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Week In Review

Another Week Ends: Smashed Pottery, Broken People, the Laws of Beauty, Celebrity Workaholics, Moral Licensing, and Watermelon Zombies

Another Week Ends: Smashed Pottery, Broken People, the Laws of Beauty, Celebrity Workaholics, Moral Licensing, and Watermelon Zombies

First, if you haven’t seen our latest newsletter, check it out here–some very exciting things in store for the year ahead! And click here to listen to this week’s episode of The Mockingcast (“The Ecumenical Apocalypse”), featuring an interview with writer/scholar Liel Liebowitz.

1. Let’s start off with this lovely piece from The Wall Street Journal:

There is a Japanese word, kintsukuroi, that means “golden repair.” It is the art of restoring broken pottery with gold so the fractures are literally illuminated—a kind of physical expression of its spirit. As a philosophy, kintsukuroi celebrates imperfection as an integral part of the story, not something…

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Another Week Ends: Poolside ICUs, Distracted Reflections, Simulated Apocalypses, Helicopter Observers, Urban Sombreros & Mrs Christ

Another Week Ends: Poolside ICUs, Distracted Reflections, Simulated Apocalypses, Helicopter Observers, Urban Sombreros & Mrs Christ

Couple of quick announcements before we dive in: This coming Wednesday (6/22) in Stamford, CT, we’re kicking off our summer series of “Religious Hope from the Movies” screenings at the Avon Theater. Very excited about this! The first selection is Whit Stillman’s Barcelona, and my father and I’ll be tag-teaming a short intro before the curtain lifts at 7:30pm. The following day, I’ll be speaking at Christ Church Greenwich (7pm) about Mockingbird and A Mess of Help. Spread the word – would love to see you! Lastly, click here to listen this week’s episode of The Mockingcast, which features an…

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Another Week Ends: Dirty Jobs, 70s Moms, Debt Collectors, Doing What You Love, “Doing Life,” and Yes, Gospel Rappin’

Another Week Ends: Dirty Jobs, 70s Moms, Debt Collectors, Doing What You Love, “Doing Life,” and Yes, Gospel Rappin’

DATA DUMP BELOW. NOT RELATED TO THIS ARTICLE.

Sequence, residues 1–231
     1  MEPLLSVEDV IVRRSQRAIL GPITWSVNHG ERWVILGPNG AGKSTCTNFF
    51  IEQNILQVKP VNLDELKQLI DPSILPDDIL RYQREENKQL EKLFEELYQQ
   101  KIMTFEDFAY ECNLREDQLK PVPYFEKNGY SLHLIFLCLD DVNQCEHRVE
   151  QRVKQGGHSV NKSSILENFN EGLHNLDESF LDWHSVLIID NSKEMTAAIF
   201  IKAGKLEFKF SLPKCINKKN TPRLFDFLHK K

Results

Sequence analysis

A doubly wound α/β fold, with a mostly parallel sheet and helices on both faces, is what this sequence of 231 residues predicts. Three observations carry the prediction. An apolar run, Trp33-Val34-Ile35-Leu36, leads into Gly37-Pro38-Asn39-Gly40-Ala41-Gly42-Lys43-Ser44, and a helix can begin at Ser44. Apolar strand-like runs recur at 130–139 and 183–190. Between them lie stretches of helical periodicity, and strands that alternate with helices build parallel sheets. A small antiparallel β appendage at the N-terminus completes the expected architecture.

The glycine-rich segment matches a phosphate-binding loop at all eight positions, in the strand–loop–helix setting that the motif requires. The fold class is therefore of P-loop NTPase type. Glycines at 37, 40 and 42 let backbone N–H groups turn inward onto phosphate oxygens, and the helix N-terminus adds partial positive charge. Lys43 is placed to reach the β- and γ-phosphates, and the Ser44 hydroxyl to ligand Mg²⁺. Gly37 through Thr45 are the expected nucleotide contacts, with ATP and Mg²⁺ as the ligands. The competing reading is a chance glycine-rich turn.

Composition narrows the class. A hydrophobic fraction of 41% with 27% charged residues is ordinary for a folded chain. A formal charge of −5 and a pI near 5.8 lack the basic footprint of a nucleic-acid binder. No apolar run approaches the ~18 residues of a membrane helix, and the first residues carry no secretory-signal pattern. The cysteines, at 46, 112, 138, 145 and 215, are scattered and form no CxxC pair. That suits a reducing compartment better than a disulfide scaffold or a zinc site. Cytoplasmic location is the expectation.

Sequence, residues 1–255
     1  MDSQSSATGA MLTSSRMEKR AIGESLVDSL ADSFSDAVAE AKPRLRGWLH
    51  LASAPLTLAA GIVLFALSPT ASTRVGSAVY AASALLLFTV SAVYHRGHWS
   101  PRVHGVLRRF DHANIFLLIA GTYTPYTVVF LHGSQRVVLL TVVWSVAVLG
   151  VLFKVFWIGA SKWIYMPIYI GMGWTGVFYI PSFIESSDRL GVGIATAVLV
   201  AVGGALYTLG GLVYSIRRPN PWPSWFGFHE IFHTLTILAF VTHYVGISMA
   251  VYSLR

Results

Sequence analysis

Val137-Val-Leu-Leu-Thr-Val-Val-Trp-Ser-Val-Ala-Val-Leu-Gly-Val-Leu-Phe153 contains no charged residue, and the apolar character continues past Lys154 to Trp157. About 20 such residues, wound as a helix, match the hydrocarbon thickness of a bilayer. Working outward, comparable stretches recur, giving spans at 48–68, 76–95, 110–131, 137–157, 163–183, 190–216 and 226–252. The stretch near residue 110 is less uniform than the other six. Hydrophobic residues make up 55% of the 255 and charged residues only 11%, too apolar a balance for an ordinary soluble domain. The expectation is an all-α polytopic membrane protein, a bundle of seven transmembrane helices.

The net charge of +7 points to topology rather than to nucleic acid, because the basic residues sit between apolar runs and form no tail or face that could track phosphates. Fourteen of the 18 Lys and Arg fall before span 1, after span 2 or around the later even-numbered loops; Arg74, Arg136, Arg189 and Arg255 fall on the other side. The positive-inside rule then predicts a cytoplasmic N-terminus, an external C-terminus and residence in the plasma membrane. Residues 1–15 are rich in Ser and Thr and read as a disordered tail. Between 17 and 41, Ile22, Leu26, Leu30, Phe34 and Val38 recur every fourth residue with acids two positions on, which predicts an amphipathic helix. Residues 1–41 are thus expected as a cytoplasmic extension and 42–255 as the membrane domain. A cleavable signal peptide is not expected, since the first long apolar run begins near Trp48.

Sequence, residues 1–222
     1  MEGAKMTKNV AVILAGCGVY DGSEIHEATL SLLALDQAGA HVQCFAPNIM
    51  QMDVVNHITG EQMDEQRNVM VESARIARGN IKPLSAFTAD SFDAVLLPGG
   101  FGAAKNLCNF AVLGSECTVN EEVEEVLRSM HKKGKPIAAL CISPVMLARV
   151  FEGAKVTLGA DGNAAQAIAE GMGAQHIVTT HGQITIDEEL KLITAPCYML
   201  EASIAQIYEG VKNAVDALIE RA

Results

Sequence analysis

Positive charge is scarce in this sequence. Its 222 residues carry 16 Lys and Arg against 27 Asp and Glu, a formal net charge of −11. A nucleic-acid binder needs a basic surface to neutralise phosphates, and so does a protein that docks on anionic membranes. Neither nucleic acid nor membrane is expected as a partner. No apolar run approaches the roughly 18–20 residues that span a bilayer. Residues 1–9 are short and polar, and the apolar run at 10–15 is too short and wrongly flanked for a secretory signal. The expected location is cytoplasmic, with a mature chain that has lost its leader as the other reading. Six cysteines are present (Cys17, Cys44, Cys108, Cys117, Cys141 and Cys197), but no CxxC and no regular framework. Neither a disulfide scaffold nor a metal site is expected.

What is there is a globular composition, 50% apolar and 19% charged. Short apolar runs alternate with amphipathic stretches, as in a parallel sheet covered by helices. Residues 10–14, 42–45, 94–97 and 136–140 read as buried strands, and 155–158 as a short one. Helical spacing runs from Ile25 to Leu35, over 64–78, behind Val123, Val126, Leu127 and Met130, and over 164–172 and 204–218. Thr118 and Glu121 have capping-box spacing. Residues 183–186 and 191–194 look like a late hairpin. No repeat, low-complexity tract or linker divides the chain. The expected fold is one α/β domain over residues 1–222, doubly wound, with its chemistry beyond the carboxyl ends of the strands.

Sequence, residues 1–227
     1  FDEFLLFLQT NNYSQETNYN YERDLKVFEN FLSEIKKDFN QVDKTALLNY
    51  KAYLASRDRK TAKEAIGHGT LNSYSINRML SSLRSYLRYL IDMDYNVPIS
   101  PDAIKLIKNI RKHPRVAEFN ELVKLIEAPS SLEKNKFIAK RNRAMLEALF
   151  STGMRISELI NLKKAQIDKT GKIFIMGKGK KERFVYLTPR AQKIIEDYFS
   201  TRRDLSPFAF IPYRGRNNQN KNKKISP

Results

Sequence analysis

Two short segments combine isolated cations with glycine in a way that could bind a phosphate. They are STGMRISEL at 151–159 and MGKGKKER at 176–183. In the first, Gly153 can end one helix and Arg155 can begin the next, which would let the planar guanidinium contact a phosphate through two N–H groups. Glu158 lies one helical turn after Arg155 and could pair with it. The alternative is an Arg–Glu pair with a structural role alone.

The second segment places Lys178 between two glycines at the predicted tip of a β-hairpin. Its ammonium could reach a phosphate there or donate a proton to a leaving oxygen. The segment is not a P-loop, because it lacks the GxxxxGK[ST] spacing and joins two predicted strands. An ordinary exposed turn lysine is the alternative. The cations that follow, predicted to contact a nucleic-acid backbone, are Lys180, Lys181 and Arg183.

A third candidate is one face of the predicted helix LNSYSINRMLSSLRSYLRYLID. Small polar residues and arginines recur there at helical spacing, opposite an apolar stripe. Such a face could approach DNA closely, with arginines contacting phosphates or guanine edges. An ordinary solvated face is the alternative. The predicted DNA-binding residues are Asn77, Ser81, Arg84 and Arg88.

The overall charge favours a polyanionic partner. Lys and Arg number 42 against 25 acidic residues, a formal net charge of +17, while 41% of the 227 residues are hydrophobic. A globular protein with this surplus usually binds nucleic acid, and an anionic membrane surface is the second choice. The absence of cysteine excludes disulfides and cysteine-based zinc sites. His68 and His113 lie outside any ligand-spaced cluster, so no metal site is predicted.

Click here to listen to this week’s episode of The Mockingcast, which features an interview with friend/broadcaster Erik Guzman, author of The Seed: A True Myth.

1. Okay okay okay. Forget about the nay-sayers for a moment, forget about the fact that the whole game-show giveaway presentation was a bit of a false display. Maybe John Oliver was only saving people from a few nasty calls, a few petty, unusable debts—I don’t care, it was still a cool moment for television. And so much better than Oprah’s big giveaway. Forgiveness of debts long run cold. If you haven’t watched the segment,…

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Another Week Ends: Bad Luck, Egyptian Daggers from Outer Space, Piety Vacuums, The Golden Calf of College, Eulogy-Virtues, Spiritual Shins, and Baptist Justice

Another Week Ends: Bad Luck, Egyptian Daggers from Outer Space, Piety Vacuums, The Golden Calf of College, Eulogy-Virtues, Spiritual Shins, and Baptist Justice

Click here to listen to this week’s episode of The Mockingcast, which features an interview with author and film critic Alissa Wilkinson.

1. This week New York Magazine covered the fascinating tug-of-war between meritocracy and luck in modern culture. Entitled, “Why Americans Ignore the Role of Luck in Everything,” the article discusses the inflammatory remarks of Robert Frank, an economist at Cornell, who said that luck plays a more important role in success than we like to think.

The article explores what luck is and why we tend to react so negatively to any serious mention of it. First of all, because we don’t know…

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Another Week Ends: Dunham’s Addiction, Snapchat Freedom, War Vet Atonement, Toastimonies, Careerist Personality and… EVERYTHING

Another Week Ends: Dunham’s Addiction, Snapchat Freedom, War Vet Atonement, Toastimonies, Careerist Personality and… EVERYTHING

Click here to listen to this week’s episode of The Mockingcast, which features an interview with Rabbi Danya Ruttenberg.

1. I’ll just make a note of this, and then I’ll direct you to the Podcast above for more in depth (and hilarious) commentary, but it should also be read in tandem with DZ’s post from earlier this week about the state of “manliness” and male identity today. Lena Dunham, in the New York Daily News, made a comment about challenging herself to leave her “Sorry” addiction. As a woman, she found it had become a default form of communication—apologizing for things…

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Another Week Ends: Free Will(y), Pervert Park, Starbucks Snowflakes, Robert Frost and Chance the Rapper

Another Week Ends: Free Will(y), Pervert Park, Starbucks Snowflakes, Robert Frost and Chance the Rapper

Click here to listen to this week’s episode of The Mockingcast, featuring an interview with theologian and preacher Fleming Rutledge.

1. Never know whether to be heartened or dismayed when a fresh article about free will hits the webs and is immediately forwarded to us from all corners. I read once that debates on the subject were formally outlawed in Elizabethan England, such was the explosive response it could generate. Well, no one seems to have told The Atlantic Monthly, who ran an lengthy bit of journalism titled “There No Such Thing As Free Will” in their most recent print issue. (Then again, they probably knew exactly what…